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Issue 17 Out Now

Covid-19 Vaccine: What We Know So Far


The release and distribution of the Covid-19 vaccine have divided people as much if not more so than how the government handled this pandemic. Those in favor look forward to ending this pandemic and get back to stimulating the economy. Others, either anti-vaxxers or concerned individuals, are hesitant to take something that feels rushed with no clue as to what is inside. Here is what we know so far about the latest vaccine.

Pfizer/BioNTech and Moderna: Race to the First Vaccine

In their press release, pharmaceutical giant Pfizer announced their partnership with BioNTech, a German-based biotechnology company, on April 9, 2020, to create a vaccine that can combat COVID-19 before the end of 2020. It would take years to research, develop, test, get approvals, and distribute millions of doses in normal situations. However, with over 17 million U.S. citizens (74.4 million worldwide) cases and 308,000 plus deaths (almost 2 million worldwide), Covid-19 has been everything but normal.

On December 11, 2020, the U.S. Food and Drug Administration (FDA) announced their approval of the Pfizer/BioTech Covid-19 with their first Emergency Use Authorization (EUA) after studies showed the effectiveness rate of 95%.

While a landmark achievement for Pfizer/BioNTech, they are not the monopoly of the product. Cambridge-based biotechnology company Moderna threw their bid in creating a Covid-19 vaccine. Just recently, the mRNA-based product got the stamp of approval from the FDA for EUA. Other competitors include Johnson & Johnson and Novavax, who are still in stage 3 of the process.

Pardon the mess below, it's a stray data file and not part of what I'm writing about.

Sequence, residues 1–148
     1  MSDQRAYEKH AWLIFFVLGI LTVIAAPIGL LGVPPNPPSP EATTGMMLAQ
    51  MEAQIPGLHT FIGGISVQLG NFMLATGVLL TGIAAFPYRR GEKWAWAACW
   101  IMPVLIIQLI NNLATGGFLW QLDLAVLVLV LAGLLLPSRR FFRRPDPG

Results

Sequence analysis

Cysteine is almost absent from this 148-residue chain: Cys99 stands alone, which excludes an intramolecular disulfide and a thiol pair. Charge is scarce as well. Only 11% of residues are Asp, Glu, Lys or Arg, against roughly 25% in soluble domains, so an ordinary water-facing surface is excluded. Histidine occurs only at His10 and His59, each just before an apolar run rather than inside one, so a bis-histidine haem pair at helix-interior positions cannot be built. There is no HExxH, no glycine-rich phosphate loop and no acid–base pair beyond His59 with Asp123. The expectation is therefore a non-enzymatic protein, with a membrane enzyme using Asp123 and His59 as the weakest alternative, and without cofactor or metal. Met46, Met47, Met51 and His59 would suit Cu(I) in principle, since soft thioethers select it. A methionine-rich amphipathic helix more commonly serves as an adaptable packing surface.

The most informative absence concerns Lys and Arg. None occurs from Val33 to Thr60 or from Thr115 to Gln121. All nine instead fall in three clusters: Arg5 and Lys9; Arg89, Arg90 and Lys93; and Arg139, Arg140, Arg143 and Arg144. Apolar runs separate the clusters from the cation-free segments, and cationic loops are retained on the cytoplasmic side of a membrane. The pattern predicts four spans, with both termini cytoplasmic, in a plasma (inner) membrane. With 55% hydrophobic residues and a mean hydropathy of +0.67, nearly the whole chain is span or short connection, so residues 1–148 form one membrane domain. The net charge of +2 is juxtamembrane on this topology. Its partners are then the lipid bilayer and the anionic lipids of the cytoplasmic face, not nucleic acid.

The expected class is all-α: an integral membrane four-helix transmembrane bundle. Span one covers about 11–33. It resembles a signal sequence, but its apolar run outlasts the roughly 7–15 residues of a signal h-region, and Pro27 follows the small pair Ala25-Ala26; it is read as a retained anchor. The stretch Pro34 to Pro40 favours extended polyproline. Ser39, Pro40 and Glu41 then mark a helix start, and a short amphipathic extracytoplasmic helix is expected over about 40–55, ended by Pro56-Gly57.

What is inside the Covid-19 Vaccine, and How Does It Work?

Like any vaccine, it assists your immune system by creating antibodies to combat the virus and form memories of what to do the next time it enters your system. The Centers and Disease Control and Prevention (CDC) reported that most Covid-19 vaccine brands would require two shots (the first one to prepare your immune system for the disease; the second provides the tools for your immune system to fight it). The second one should take place a few weeks after the first shot.

There are different types of Covid-19 vaccines that are either completed or in the works, including:


  • mRNA and DNA: Pfizer and Moderna’s vaccine primary substance is the latest technological method in healthcare. Once taken, it tells the cells to create a harmless “spike protein” that resembles the virus itself. The immune recognizes that it shouldn’t belong there and produces antibodies for protection. Afterward, your body knows how to protect itself against Covid-19 if you are affected.

  • Protein Subunit: Inject harmless protein pieces of the virus into our system for your immune system to recognize and create antibodies to fight the virus.

  • Vector: A similar weaker version of a virus that has materials that cause Covid-19. Once inside, it will tell the cells to make copies of the protein. Your immune system creates antibodies and remembers what to do when the virus arrives.

Who will take the Covid-19 Vaccine First?

Those over the age of 16 will be giving the vaccine. With a limited amount, the growing consensus is that healthcare workers will take the vaccine first since they are in a high-risk environment. CDC recommends that along with healthcare workers, people who live in long-term care facilities should have priority.

Is the vaccine safe?

It is too early to tell the long term effects that the vaccine will have. While evaluating whether to approve both Pfizer and Moderna vaccine, the FDA discovered side effects, including pain at the injection site, tiredness, joint pain, headaches, and fever.

Time will tell how the vaccines will play their part in 2021 and beyond. What do you think about the vaccine? Do you plan to take it? Comment below your thoughts.

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